Erin Smith Staff writer
October 31, 2013
On Tuesday, voters who have not already cast ballots in this year’s municipal election will make their way to their respectful polling locations. One ballot issue of interest to voters in Bladenboro is the referendum to change the form of government from manager-council back to mayor-council.
An idea that Bladenboro resident Larry Simmons says is a bad one. In an email to the Journal he said, “To approve this referendum would set Bladenboro back tremendously, not only in the ability to govern effectively, but in our standing within the county, the region and the state. Manager-Council is the form of government that ‘all’ towns and cities aspire to reach and is currently being used by 45 percent of North Carolina towns/cities with populations from 1,000 to 1,999.”
Simmons explained that, basically, all towns start life using the mayor-council model. As they grow and gain such assets as fire departments, police departments and public works and such, they eventually need more staff and move to the manager-council model.
“Most mayors and council members also have full-time jobs and this takes time away from their service to the town/city. Deciding issues by committee, based on personality, political persuasion, lack of procedural knowledge, the law and legal requirements, etc. also influence the decision-making process. Bladenboro reached the level of requiring full-time management several years ago and with several more large-scale projects ongoing, this need continues,” said Simmons.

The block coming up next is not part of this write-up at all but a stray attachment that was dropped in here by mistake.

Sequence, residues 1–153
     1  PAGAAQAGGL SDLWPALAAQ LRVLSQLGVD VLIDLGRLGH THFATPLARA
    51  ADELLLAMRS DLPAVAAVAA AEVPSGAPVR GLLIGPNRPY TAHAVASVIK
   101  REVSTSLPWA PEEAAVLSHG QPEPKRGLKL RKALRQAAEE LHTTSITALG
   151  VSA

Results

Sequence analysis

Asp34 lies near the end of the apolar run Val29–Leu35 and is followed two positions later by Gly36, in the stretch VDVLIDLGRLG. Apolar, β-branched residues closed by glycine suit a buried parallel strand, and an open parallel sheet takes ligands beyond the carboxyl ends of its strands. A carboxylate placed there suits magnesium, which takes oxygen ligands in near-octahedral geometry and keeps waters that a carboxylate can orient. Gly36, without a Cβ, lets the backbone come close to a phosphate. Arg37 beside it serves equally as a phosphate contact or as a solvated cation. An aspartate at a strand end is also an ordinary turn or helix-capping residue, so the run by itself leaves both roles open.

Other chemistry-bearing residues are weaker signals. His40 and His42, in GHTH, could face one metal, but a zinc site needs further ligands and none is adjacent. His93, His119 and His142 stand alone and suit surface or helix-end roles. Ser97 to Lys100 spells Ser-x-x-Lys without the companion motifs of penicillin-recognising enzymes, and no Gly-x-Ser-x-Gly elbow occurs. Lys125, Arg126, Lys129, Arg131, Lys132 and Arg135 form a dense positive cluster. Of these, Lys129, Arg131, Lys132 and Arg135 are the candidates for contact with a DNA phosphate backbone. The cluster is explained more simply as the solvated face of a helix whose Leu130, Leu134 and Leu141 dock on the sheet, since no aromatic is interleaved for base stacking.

Several municipal seats around the county are also being contested.
In Tar Heel, incumbents are on the ballot and running unopposed for the mayor and two council seats — Roy Dew will serve another two-year term as mayor, while Angie Hall and Sam Allen will serve another two-year term as council members. A write-in candidate will fill the remaining seat.
In Bladenboro, a trio of candidates will be vying for the mayor’s seat and six individuals are looking for three council seats. Incumbent Mayor Livingston Lewis has filed seeking re-election, but he will be challenged by both Ken Chavis and Rufus Duckworth. Three incumbents will face the challenges of three candidates for seats on the council. Billy Ray Benson, Mitchell Hughes and Steve Bryan are seeking re-election, but will be challenged by Bud Freeman, Jeff Atkinson and Curtis Timothy Benton Jr.
In White Lake, five candidates will vie for three seats on the town council. Incumbents Tim Blount, Mike Suggs and Barbara Williams will face challenges by Harvey Iwerks and Paul A. Evans.
In Elizabethtown, four candidates have filed to run for three available seats on the town council. Incumbents Rufus D. Lloyd, Herman L. Lewis and Paula Greene will be challenged by Ivan T. Davis.
In the town of Dublin, incumbent Jeffrey Smith will face a challenge by newcomer Thomas I. Thompson for the one seat open on the town council.
The rest of the ballot will include the following unopposed candidates: Incumbent Dublin Mayor Horace Wyatt for the two-year seat; incumbents Perry Blanks and Lillian Graham for the four-year seats on the East Arcadia Town Council; and, incumbent Tim Tart and newcomer Jason Lewis for four-year seats on the Clarkton Town Council.